With Central American children at our borders, the United States, and the West, cannot just criticize Israel
A former AP correspondent explains how and why reporters get Israel so wrong, and why it matters
Accepted by the mainstream Jewish community, some gays now feel excluded at New York’s premier LGBT synagogue
From Black Rock City to the Negev Desert, the sandy camping trip comes to the Middle East
Karl Stern, Canadian psychiatrist and writer, was in his day a famous Catholic convert. Why has he been forgotten?
In the movie ‘Kicking Out Shoshana,’ a popular athlete pretends to be gay. The result is both funny and surprisingly meaningful.
Talmudic rabbis debate professional eulogizers, trying to strike a balance between the holy and the mundane
Showing my teenage daughter around the city, I realized that each generation remembers—and forgets—its own Jerusalem
I said I’d convert to placate my boyfriend. But his family would never disregard the fact that I was Korean.
Prominent Jews like the Harvard lawyer have spent years criticizing Obama. So, why are they endorsing him?
Policies proposed by Mitt Romney, especially on education, are antithetical to fairness and compassion
What’s known and unknown about bilateral talks with Iran
This says more about us than it does about him
The comic’s political videos are actually the worst representation of the president’s subtlety and values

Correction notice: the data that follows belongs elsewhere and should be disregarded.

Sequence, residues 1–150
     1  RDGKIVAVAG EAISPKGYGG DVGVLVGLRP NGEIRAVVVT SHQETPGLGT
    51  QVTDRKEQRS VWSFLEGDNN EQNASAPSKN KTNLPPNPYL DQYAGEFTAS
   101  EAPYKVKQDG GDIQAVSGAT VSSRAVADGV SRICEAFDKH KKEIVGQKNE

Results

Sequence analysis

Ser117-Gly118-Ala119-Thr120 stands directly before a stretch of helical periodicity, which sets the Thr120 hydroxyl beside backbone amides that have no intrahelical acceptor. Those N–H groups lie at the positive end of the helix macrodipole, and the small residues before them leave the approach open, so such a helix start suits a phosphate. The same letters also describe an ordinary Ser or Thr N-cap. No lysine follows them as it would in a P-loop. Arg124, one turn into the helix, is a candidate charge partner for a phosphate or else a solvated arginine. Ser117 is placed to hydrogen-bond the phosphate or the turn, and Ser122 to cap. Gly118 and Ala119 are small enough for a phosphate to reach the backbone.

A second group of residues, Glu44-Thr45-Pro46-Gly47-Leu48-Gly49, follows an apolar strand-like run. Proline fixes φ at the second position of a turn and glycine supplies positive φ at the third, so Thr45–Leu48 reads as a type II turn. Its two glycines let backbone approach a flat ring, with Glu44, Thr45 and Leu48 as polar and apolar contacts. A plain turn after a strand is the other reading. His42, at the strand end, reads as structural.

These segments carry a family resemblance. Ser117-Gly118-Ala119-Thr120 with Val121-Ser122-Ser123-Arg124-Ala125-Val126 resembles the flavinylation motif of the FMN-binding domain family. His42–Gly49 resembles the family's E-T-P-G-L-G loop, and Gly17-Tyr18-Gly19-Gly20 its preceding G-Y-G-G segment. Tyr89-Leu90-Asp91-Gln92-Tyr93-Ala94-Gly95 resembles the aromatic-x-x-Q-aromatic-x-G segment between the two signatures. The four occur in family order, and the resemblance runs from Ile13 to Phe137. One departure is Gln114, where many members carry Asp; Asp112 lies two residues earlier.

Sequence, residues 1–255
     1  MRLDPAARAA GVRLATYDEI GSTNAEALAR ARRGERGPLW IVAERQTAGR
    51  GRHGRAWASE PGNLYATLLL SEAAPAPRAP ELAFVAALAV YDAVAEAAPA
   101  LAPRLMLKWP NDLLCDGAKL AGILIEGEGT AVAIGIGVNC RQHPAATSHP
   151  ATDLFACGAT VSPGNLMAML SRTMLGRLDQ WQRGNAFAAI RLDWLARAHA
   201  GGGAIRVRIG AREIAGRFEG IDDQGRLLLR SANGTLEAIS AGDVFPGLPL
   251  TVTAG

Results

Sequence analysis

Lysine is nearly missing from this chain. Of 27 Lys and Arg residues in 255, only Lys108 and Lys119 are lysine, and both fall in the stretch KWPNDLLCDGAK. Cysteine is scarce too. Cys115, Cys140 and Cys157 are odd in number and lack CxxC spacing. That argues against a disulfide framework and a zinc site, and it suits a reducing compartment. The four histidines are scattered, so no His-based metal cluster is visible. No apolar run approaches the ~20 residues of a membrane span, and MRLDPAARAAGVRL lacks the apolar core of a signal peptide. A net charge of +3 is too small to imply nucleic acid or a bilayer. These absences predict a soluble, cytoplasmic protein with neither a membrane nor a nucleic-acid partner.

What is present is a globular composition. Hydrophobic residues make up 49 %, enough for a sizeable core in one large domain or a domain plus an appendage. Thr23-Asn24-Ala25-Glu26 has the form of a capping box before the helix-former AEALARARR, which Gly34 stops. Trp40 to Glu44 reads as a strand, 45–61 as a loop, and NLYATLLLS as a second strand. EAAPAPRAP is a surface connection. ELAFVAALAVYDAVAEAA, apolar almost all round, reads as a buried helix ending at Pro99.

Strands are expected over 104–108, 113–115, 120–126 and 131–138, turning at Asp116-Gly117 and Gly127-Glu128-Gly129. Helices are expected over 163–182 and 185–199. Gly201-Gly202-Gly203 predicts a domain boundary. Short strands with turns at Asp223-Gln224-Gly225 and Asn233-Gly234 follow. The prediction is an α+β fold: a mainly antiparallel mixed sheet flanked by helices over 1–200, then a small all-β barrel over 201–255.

Who had the town hall debate’s most Jewish question?
Plus Hamas fires anti-aircraft weapon at Israel for first time ever
Losing sight of what’s useful
Or perhaps proof of why we need more Jewish holidays
For years, the Arabic press promoted the conspiracy that Jews fixed U.S. elections. That’s changing.
Plus the Free Gaza Movement’s promotion of Holocaust revision
Thomas Friedman, Elliott Abrams, Walter Russell Mead, and Aaron David Miller advise the next president
Plus Alan Gross gets a visit from Cuban Jewish leaders
The donor speaks out in a rare interview
Plus AIPAC names new spokesman known as “the quote machine”
Some people lean on neighbors for a cup of sugar. The Fruchters, of Memphis, Tennessee, needed theirs to help them keep the Sabbath.
Forging ancient artifacts, procuring army sick passes, and pretending to be normal after a traumatic brain injury
After making a splash back home, the creators of the Hebrew-language program are launching an English version on Vox Tablet